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A large section of the bank between Findhorn Road and the bay has collapsed


By Garry McCartney

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Donald Watson and Cathy Low of Findhorn Village Conservation Company with Sam Russell of Findhorn Residents Association.Picture: Daniel Forsyth.
Donald Watson and Cathy Low of Findhorn Village Conservation Company with Sam Russell of Findhorn Residents Association.Picture: Daniel Forsyth.

VILLAGERS concerned by the effects of increased coastal erosion and flooding this year have asked the authorities for help.

Findhorn Village Conservation Company FVCC) secretary Cathy Low said Moray Council and Scottish Water are aware of “significant erosion” along the front bank of Findhorn Bay, as well as surface water damage to local homes following heavy rain.

She said: “There has been significant erosion along the bay front, especially on the old railway bank from the Fyrish Road entrance to the church.

“Moray Council have carried out interim work at the worst affected area, putting large sand bags and stone down.

“They are currently working on a plan to address this, as the adjacent road into Findhorn is high on their priorities.

“This work is expected to be carried out before the winter.”

The landslide and new defences.Picture: Daniel Forsyth.
The landslide and new defences.Picture: Daniel Forsyth.

High tides and strong winds have also caused considerable damage along the back beach between Findhorn and Burghead where decades-old sea defences are starting to disintegrate.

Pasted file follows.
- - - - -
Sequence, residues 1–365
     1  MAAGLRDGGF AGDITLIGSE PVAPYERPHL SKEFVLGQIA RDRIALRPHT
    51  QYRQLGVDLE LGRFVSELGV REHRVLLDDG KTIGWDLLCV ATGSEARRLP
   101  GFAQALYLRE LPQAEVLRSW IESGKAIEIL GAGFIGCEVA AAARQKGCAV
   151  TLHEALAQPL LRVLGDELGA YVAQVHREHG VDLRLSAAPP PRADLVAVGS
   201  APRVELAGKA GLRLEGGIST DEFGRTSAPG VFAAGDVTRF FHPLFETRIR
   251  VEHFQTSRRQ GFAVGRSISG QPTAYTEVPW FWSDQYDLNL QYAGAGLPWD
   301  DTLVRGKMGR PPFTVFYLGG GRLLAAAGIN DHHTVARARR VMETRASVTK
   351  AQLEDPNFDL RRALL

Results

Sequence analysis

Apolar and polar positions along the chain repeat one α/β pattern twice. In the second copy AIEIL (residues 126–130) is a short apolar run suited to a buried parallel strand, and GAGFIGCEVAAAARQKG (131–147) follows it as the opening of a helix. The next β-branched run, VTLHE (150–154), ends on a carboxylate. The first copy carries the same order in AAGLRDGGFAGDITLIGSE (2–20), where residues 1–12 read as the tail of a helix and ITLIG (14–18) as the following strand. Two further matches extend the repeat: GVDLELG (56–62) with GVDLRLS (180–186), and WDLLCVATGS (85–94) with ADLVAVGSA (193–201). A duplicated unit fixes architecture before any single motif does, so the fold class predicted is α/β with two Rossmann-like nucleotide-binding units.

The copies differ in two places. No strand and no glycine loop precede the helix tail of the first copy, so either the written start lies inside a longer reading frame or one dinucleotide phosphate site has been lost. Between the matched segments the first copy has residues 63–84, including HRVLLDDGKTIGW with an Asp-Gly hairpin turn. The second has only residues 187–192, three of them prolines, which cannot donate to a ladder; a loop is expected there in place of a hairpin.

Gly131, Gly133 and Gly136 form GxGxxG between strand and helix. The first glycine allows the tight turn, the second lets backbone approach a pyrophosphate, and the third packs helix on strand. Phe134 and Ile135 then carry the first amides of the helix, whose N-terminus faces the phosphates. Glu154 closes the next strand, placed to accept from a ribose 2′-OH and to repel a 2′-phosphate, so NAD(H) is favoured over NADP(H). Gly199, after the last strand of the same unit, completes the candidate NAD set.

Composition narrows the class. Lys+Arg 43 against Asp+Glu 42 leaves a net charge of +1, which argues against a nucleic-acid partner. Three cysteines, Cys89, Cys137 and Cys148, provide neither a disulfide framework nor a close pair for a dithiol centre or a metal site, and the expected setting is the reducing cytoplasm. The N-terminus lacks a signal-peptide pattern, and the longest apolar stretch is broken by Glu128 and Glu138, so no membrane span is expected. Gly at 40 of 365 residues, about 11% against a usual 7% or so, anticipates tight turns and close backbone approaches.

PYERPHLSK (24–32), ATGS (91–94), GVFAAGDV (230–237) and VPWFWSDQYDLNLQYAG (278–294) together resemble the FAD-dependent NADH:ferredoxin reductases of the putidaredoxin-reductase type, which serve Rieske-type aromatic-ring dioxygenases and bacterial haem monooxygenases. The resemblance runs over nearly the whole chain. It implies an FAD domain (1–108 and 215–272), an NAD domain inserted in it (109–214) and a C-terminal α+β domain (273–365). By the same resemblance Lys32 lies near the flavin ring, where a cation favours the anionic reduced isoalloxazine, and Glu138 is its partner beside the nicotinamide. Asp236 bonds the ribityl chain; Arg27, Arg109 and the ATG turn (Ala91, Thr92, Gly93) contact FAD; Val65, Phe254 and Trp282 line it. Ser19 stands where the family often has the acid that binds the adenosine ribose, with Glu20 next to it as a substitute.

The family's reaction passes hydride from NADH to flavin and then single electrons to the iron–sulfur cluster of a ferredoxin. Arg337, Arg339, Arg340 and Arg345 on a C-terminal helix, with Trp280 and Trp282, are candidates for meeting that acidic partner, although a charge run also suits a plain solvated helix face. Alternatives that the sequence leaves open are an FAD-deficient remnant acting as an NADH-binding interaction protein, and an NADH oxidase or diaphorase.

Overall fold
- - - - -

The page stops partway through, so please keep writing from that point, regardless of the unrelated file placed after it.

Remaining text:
FVCC have been advised Moray Council is unable to complete preventative works at this time as the area does not have an immediate impact on residences or infrastructure currently.

Cathy added: “The dunes track doesn't have any sea defences and is being eroded at an alarming rate.

“However, it will not impact residences or infrastructure in the near future so will not be addressed.

“The area beyond the church and down to the point will become more of a concern as time goes on.

“The sand and shingle is always moving with the forces of the sea and winds.”

Increasing surface water caused by heavy downpours is also causing concern. Scottish Water is working with residents – mainly in the conservation part of the village most affected – to identify a solution to prevent ingress into homes.

Councillor Draeyk van der Horn surveying the damage.
Councillor Draeyk van der Horn surveying the damage.

Findhorn resident and local Moray Councillor Draeyk van der Horn (Greens) said the latest surveys put the village at more of a threat than previously understood.

He said: “Findhorn is one of the ‘canaries in cage’ for climate breakdown in our region, with communities around the bay in one of the highest risk areas in Moray for coastal flooding.

“Moray Council is working to predicted sea level rises of over half a metre by the end of the century.

“This coupled with increased frequency and intensity of storms means we can expect more devastating and costly damage to our coastline, with far reaching implications inland as waterways burst banks during storms.

“Managed retreat is part of the council strategy; this means land will need to be allowed to flood as we cannot defend the whole coastline.

“There are nature solutions that could be employed and these need to be openly discussed with landowners and local people to work up these ideas.”

The landslide shortly after it happened.
The landslide shortly after it happened.

A Scottish Environment Protection Agency (SEPA) Freedom of Information response to Findhorn and Kinloss Community Council asked for flood maps and a management plan.

SEPA replied: “Kinloss and the surrounding area is identified as a potentially vulnerable area in the 2021 plan, with actions specifically targeted to the community of Kinloss.

“A local flood risk management plan was published by Moray Council in December 2022 which gives more information on the actions proposed

“SEPA has just launched a consultation on a review of the potentially vulnerable areas for the next set of plans which will be published in 2027/28.”


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